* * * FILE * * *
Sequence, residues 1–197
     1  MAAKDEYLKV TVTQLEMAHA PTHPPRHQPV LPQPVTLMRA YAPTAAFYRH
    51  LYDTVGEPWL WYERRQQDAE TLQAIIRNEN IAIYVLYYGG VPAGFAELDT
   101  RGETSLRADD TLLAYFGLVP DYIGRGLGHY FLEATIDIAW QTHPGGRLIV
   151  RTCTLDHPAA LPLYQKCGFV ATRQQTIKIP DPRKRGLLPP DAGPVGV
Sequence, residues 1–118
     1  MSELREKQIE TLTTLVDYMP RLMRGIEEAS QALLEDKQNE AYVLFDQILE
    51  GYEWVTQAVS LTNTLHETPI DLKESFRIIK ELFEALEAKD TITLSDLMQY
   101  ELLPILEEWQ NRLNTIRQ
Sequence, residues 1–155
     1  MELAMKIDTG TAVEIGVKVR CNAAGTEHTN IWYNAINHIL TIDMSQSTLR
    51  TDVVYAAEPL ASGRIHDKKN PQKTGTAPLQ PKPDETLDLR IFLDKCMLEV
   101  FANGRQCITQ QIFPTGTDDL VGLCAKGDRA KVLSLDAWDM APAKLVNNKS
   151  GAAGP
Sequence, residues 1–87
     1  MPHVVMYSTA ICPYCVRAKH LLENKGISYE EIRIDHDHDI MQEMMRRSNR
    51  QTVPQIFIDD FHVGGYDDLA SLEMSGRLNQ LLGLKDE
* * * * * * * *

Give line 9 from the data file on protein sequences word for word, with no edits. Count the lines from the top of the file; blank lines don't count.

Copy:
   101  ELLPILEEWQ NRLNTIRQ